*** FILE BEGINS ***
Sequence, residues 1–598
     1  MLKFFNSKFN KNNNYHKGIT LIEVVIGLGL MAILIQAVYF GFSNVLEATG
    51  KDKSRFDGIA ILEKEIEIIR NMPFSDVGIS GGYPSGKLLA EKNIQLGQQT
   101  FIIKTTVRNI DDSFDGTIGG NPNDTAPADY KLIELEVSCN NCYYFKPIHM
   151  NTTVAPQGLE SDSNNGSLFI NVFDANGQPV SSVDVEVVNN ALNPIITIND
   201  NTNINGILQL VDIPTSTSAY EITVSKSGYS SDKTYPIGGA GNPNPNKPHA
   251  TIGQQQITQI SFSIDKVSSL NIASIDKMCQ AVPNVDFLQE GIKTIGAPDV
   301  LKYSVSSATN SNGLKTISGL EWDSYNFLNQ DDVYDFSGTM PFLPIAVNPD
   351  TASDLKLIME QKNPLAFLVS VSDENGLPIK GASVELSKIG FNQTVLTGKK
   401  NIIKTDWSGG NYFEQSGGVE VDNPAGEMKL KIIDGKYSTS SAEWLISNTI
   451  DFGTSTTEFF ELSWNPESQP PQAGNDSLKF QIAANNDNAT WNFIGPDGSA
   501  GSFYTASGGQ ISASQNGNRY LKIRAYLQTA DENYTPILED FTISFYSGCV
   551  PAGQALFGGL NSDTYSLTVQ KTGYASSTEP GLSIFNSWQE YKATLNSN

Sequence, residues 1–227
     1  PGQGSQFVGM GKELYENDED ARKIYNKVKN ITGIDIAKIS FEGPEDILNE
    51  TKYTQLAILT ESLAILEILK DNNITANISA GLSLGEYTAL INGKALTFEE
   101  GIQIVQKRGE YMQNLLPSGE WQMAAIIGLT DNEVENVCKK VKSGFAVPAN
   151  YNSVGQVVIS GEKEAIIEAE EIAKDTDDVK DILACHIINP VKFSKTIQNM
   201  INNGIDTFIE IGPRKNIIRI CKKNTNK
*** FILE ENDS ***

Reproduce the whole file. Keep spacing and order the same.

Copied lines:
Sequence, residues 1–598
     1  MLKFFNSKFN KNNNYHKGIT LIEVVIGLGL MAILIQAVYF GFSNVLEATG
    51  KDKSRFDGIA ILEKEIEIIR NMPFSDVGIS GGYPSGKLLA EKNIQLGQQT
   101  FIIKTTVRNI DDSFDGTIGG NPNDTAPADY KLIELEVSCN NCYYFKPIHM
   151  NTTVAPQGLE SDSNNGSLFI NVFDANGQPV SSVDVEVVNN ALNPIITIND
   201  NTNINGILQL VDIPTSTSAY EITVSKSGYS SDKTYPIGGA GNPNPNKPHA
   251  TIGQQQITQI SFSIDKVSSL NIASIDKMCQ AVPNVDFLQE GIKTIGAPDV
   301  LKYSVSSATN SNGLKTISGL EWDSYNFLNQ DDVYDFSGTM PFLPIAVNPD
   351  TASDLKLIME QKNPLAFLVS VSDENGLPIK GASVELSKIG FNQTVLTGKK
   401  NIIKTDWSGG NYFEQSGGVE VDNPAGEMKL KIIDGKYSTS SAEWLISNTI
   451  DFGTSTTEFF ELSWNPESQP PQAGNDSLKF QIAANNDNAT WNFIGPDGSA
   501  GSFYTASGGQ ISASQNGNRY LKIRAYLQTA DENYTPILED FTISFYSGCV
   551  PAGQALFGGL NSDTYSLTVQ KTGYASSTEP GLSIFNSWQE YKATLNSN

Sequence, residues 1–227
     1  PGQGSQFVGM GKELYENDED ARKIYNKVKN ITGIDIAKIS FEGPEDILNE
    51  TKYTQLAILT ESLAILEILK DNNITANISA GLSLGEYTAL INGKALTFEE
   101  GIQIVQKRGE YMQNLLPSGE WQMAAIIGLT DNEVENVCKK VKSGFAVPAN
   151  YNSVGQVVIS GEKEAIIEAE EIAKDTDDVK DILACHIINP VKFSKTIQNM
   201  INNGIDTFIE IGPRKNIIRI CKKNTNK